People smuggling: how flawed policy creates criminal activity
by Pamela Curr, campaign co-ordinator, Asylum Seeker Resource Centre|
Aug 03, 2010 1:19PM |EMAIL|PRINT
The corruption and bribery chains operating in the Indonesian people smuggling trade as shown in the ABC’s Four Corners last night have their roots in Australian government policy. Four Corners detailed the money changing hands in bribes to release people from Indonesian prisons and then to aid their escape by boat. What this program did not show was the way in which flawed policy in one country creates criminal activity in another.
This trade developed after the Howard government set up Indonesia as a de facto refugee processing centre by funding the International Organisation of Migration (IOM) to warehouse refugees there. The present situation presents a timely warning for any Pacific nation being targeted to accept Australian funding in exchange for providing another yet another off-shore processing centre.
Few Australians noticed that millions of dollars were allocated to IOM annually since 2001 to feed and house the refugees and most importantly to keep them there. This was done by promising eventual re-settlement. The scheme took 10 years to break down and did so as people realised that resettlement was a non-core promise. Many of these refugees have set off for Christmas Island with their UNHCR refugee recognition cards in hand.
New arrivals to Indonesia soon learnt that being processed as a refugee by UNHCR did not guarantee resettlement and they too have paid to get on boats to apply directly.
The Australian Federal Police (AFP) have played a pivotal role in limiting movement to Australia. The AFP have unlimited access to Indonesian detention centres, interviewing, photographing and profiling refugees there. This access is made more remarkable when we consider the furore if Indonesian police attempted similar access to Australian detention and prison facilities.
The AFP have had a first-hand view of all Indonesian police activities. AFP officers operate alongside Indonesian police and immigration officials in Indonesia. They do the surveillance and intelligence gathering, riding the ferries between Malaysia and Indonesia and watching out for groups of likely asylum seekers.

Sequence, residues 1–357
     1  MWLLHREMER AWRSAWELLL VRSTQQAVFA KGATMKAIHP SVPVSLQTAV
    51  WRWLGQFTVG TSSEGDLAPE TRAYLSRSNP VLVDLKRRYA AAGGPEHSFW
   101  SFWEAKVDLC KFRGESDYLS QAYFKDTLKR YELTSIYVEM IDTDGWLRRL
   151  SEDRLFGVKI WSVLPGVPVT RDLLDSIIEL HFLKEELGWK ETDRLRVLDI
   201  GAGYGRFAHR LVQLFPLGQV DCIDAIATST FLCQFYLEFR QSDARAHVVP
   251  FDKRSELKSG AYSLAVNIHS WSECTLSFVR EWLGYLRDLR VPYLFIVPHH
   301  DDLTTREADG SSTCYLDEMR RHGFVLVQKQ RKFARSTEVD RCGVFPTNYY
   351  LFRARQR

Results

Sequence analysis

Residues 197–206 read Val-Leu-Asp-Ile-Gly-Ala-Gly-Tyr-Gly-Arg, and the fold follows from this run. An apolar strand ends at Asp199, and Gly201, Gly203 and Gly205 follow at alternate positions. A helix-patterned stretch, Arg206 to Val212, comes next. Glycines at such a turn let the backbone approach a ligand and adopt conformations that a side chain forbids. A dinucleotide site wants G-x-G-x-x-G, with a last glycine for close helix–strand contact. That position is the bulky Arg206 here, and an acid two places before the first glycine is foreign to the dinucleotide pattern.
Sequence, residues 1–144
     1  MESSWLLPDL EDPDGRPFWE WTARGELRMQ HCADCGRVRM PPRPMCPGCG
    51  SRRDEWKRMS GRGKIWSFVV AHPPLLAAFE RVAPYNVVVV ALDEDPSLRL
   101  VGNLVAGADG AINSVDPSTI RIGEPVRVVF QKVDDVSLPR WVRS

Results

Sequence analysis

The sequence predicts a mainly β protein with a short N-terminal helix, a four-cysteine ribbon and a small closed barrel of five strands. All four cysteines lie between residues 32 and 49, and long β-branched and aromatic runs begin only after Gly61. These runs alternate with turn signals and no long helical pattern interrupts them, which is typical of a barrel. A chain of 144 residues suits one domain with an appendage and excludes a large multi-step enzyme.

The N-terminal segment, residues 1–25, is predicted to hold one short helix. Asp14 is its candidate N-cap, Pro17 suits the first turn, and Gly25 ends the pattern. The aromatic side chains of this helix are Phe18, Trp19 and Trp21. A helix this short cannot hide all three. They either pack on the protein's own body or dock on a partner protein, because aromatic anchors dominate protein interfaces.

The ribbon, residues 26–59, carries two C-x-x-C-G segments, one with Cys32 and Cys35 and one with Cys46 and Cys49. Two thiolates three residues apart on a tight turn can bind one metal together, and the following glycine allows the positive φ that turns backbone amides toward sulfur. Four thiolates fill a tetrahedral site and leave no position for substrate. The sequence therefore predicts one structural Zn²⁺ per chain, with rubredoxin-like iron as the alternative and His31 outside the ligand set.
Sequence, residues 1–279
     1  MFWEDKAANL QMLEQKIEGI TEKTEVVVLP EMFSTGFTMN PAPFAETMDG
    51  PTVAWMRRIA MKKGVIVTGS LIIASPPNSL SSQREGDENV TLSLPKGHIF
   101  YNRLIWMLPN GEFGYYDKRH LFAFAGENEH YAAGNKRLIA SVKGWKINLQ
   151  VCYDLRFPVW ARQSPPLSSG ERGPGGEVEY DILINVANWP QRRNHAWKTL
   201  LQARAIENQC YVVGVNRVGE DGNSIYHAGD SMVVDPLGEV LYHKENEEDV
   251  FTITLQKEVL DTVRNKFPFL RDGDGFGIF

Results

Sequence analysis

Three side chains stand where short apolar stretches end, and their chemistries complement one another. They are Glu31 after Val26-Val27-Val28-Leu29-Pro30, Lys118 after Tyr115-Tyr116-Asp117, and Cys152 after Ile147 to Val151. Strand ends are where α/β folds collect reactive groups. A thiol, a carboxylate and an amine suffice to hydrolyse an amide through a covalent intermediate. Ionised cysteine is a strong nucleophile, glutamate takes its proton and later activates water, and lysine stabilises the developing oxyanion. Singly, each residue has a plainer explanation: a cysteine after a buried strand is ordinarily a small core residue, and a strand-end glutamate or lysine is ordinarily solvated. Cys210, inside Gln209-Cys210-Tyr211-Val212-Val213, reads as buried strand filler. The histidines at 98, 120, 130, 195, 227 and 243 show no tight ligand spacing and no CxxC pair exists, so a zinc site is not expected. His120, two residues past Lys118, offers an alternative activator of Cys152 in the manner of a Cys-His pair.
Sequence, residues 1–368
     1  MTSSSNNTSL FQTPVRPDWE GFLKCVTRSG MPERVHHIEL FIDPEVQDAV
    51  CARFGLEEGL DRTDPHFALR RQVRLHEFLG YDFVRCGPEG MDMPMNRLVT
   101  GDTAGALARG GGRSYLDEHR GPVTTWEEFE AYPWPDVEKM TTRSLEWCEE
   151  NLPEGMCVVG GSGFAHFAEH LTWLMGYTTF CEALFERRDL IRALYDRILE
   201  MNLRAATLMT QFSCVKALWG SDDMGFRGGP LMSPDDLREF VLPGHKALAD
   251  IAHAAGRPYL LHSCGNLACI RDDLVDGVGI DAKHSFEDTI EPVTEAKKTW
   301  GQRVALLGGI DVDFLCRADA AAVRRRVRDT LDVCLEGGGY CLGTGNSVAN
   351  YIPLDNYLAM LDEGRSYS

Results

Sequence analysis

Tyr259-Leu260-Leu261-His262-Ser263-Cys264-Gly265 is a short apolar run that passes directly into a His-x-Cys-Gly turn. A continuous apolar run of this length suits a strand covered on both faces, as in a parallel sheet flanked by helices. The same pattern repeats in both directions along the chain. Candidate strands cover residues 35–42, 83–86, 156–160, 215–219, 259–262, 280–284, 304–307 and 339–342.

A young Afghan refugee now in Australia explained to me how it is done. He said, “I was on the ferry from Malaysia with five others and this woman in dark glasses was watching us. She was pretending to read a book but I knew that she was looking at us. She spoke to the crew and then a man came over and said — don’t be scared — I am not police but where are you from and where are you going?”
Later that night when the boys were at a hostel waiting for a call from someone to tell them to go to the beach, a man came into the room and shouted “we’re surrounded”. The boy looked out into the hall and saw the woman with the dark glasses with other Australians. He said that they were arrested by the Indonesia police and taken to the police lock-up where the Australians including the woman questioned them for hours, took their photos and names. He said that they identified them selves as AFP officers — first names only.
Another boy explained to me that the AFP officers in Jakarta target young unaccompanied teenagers promising them that that if they give information about who is going to the boats and when, that they will get them visas to go to Australia “the proper way”. This boy told me that you can tell who is informing because they have $A50 notes. They are paid these bribes by AFP to inform on movements. He said that these kids are desperate because they have often been cheated by people smugglers, then have no money and are living on the streets of Jakarta.
It takes months to get registered at UNHCR and even longer to be interviewed and get a UNHCR card. During this time, they are homeless and hungry. I have contacted a Catholic agency there who have literally rescued a boy from the streets. With little money, they are picking up these kids and providing shelter and food.
Ever since the former Prime Minister started pushing back the boats and formed alliances with Indonesian officials and the IOM to warehouse refugees, this situation has created a market for corruption and people smuggling. While the numbers were small, Indonesia turned a blind eye but now that arrivals have increased with no accompanying increase in resettlement places the Indonesian government is hardening its stance against the people arriving.
Recently Indonesian immigration announced that it would no longer release people who have been assessed as refugees from detention. This has opened up a trade in bribes as people are desperate to get out of the appalling conditions in Indonesian centres. Even the Australian-built and funded detention centre at Tanjung Pinang has conditions that would never be tolerated here. There are 50-60 people crammed into cells with no furniture, eating and sleeping on the floor. They have little to access to fresh air or outdoor space, the women and children are separated from their husbands and fathers with visiting rights limited to one hour per day.
The conditions in Indonesia as well as the threats by Australian politicians to push boats back and lock people out has created a panic that is seeing boats of all sizes and conditions setting off to Australia now despite all the AFP and Indonesian police attempts to stop the boats.
The best way to stop the boats is to give people an alternative. The Australian government is to be congratulated for finally realising this and announcing an increase in places from 50 per year to 500 for these people found to be refugees by UNHCR. No one who values human life could oppose this positive action to stop people embarking on dangerous boat journeys. It is to be hoped that the Opposition supports this “real action”.